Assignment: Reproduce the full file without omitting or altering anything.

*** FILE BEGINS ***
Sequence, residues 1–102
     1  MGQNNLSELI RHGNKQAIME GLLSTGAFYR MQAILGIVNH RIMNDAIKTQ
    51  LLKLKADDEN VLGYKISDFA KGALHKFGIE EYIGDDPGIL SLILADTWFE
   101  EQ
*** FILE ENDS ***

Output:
Sequence, residues 1–102
     1  MGQNNLSELI RHGNKQAIME GLLSTGAFYR MQAILGIVNH RIMNDAIKTQ
    51  LLKLKADDEN VLGYKISDFA KGALHKFGIE EYIGDDPGIL SLILADTWFE
   101  EQ